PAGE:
We headed further to Panama Canal with Elo and her sister Arlene, who was so kind to pick us up at the hotel. A Uber won’t go so far outside of the city we realized. Arlene and I knew each other from the accident day. I took the chance once more and asked my question: Arlene, how do you define happiness and how do you achieve it? Arlene answered in detail: “Collecting memories. Good ones and bad ones. There are good situations and not so good situations in life.” Living on the present moment allows her to choose how she wants to feel and react to it. For her there is no good or bad. Even though, she may feel sad about something she trained herself every day to remind her that “everything happens for a reason” and she keeps telling herself “the bad will pass”. If she is very happy, this feeling will go away sometime and if she is sad, it will also go away someday. There are times that she likes to write about how she feels. For her, it is amazing when she is reading this years later: In that moment Arlene clearly sees that “all bad will pass”, even thought if you may not believe it when you are actually in bad times. If you choose to live, time will heal anything.
She just lives every situation a 100%. Because she lives that way, it allows her to feel the situations fully and to appreciate what is happening. Besides, she says, “a new situation and a new experience is a blessing full of new knowledge.” Life is 10% what happens and 90% how you react to it.
If you want to listen to some of her thoughts have a look on her Sound Cloud. There are over 370 audios in Spanish.

 

Always worth a half day trip: Museum of Biodiversity in Panama City. Panama is supposed to be the country with the greatest biodiversity on our planet. Porque? The continents of north America and South America once merged here millions of years ago and thus species merged and multiplied.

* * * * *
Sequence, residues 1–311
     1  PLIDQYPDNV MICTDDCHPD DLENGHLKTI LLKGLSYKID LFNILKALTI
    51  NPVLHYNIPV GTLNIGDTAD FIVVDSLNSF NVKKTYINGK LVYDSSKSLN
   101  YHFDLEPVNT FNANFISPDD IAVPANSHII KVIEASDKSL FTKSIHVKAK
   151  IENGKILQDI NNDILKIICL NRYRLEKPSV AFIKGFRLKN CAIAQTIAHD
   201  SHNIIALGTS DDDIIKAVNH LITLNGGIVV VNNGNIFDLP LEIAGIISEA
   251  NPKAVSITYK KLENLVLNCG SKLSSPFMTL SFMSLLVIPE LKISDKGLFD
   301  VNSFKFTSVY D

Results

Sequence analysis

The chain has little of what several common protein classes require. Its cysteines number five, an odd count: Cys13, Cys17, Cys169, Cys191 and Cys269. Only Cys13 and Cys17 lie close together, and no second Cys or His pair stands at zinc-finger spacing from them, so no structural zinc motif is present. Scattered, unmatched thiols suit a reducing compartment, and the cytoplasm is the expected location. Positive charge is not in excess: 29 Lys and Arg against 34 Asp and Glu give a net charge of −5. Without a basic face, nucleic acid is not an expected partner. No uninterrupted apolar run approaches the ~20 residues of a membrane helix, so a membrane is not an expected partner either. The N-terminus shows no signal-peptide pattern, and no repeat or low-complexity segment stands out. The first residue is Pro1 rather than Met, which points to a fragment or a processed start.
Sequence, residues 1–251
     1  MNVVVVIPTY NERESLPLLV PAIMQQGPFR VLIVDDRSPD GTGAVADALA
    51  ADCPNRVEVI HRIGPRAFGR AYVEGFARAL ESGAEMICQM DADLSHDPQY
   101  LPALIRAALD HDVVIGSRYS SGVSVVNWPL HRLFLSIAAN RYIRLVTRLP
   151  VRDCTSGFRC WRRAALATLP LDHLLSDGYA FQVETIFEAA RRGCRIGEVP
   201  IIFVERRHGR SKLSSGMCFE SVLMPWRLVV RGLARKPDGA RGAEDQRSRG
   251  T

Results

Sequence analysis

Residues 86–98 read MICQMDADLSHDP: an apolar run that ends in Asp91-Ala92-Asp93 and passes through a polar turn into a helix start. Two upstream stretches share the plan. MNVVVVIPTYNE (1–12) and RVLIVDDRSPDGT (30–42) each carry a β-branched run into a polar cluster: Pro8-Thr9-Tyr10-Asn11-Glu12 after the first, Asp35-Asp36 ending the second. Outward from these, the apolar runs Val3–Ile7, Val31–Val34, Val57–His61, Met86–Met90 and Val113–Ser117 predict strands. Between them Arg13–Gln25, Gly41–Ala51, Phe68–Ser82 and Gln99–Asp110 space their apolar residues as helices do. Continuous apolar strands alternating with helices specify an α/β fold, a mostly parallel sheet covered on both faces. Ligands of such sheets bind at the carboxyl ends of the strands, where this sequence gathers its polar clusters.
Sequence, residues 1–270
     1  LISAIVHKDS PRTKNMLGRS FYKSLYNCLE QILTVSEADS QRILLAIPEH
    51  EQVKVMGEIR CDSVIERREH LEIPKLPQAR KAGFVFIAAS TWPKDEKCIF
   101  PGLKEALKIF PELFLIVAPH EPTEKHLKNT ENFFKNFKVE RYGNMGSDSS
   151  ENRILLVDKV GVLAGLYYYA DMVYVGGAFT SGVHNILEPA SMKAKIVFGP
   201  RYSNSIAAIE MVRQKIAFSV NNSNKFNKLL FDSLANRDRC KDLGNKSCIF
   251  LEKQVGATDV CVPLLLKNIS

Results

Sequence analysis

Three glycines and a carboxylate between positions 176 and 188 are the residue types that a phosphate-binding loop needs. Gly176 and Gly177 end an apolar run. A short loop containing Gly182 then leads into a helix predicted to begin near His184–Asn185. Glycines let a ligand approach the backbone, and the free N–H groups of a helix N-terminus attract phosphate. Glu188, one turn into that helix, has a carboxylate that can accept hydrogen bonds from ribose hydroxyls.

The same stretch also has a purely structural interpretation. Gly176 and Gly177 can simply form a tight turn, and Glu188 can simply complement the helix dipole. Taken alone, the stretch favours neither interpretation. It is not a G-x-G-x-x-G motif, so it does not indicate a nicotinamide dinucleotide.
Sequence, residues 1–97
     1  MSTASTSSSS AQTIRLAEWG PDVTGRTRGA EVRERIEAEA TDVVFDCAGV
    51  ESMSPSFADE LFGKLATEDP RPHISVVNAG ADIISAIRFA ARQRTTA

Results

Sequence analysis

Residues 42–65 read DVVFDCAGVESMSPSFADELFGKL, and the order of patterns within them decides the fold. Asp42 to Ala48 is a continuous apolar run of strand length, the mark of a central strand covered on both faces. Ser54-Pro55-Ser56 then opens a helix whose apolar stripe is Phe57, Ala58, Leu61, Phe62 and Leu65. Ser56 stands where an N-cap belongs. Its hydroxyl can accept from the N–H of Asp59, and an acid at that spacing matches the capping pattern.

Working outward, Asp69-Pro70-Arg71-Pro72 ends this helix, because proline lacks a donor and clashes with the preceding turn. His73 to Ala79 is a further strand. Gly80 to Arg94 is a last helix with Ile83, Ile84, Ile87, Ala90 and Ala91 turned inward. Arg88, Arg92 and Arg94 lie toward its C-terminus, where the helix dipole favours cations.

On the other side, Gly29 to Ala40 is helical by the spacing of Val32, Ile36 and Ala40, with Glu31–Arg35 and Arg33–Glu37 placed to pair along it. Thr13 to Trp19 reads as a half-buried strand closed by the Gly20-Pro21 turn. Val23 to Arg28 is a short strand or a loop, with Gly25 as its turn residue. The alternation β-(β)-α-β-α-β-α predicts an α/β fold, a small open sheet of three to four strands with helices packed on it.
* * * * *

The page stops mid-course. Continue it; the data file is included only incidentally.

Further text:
View from the museum on the ships waiting to pass the canal:

 

Hill Cerro Ancon with great view on Panama City.

Some dinner in Casco:

Fish market in Panama City:

Learning Spanish in Casco in a Café:

Standard traffic security:

 

Panama City was about to end. After I had spent more than two weeks with my friend, I thought it is time to raise my question. Elo, what does happiness mean to you and how do you achieve it?

“Happiness is an emotion, not an idea.” She continued by clustering her answer in four pillars. “First, peace in the sense of trust in life. Second, being positive in the meaning of recognizing the positive aspects and opportunities of every matter. Third, appreciation in the sense of being thankful for the things that one has. Fourth, freedom to be creative and avoid unnecessary routines.”

Her general attitude is to always look forward to the day ahead. All is rounded up with good company. Being close to nature and to loved ones.

 

It was in the evening, 7.22 pm. Little late for the bus. I was sitting at Albrook bus station. Luckily they have some more night busses to Bocas del Toro. Otherwise, I might have gotten stuck. The ticket in my pocket, I bought some cheese bread and was waiting in an air-conditioned room. My two backpacks with me. One with valuables. One with all the rest. Crazy feeling. Now it really stared. Travelling alone on a world round trip. Not really able to speak an understandable, conversational Spanish. I required some details about where to find the departure platform. “Hablas ingles?” Everywhere just stunning faces. Even at the info point, just Spanish speaking people – no smile. Sitting there, watching some public telephone that is occupied constantly. The people using it, are well dressed, but they are not using mobile phones. I thought about what’s going to happen in July? What will I work? I will not think about it now. Better to plan roughly the next few days in order to continue through Panama, Costa Rica and arrive at the next milestone Managua, Nicaragua in time…

Continue reading: On the way to Bocas del Toro, Panama

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2 thoughts on “Vivo en Panama

  1. “If you choose to live, time will heal anything” – how you react on situations is more important than what happens. I like that way of seeing things!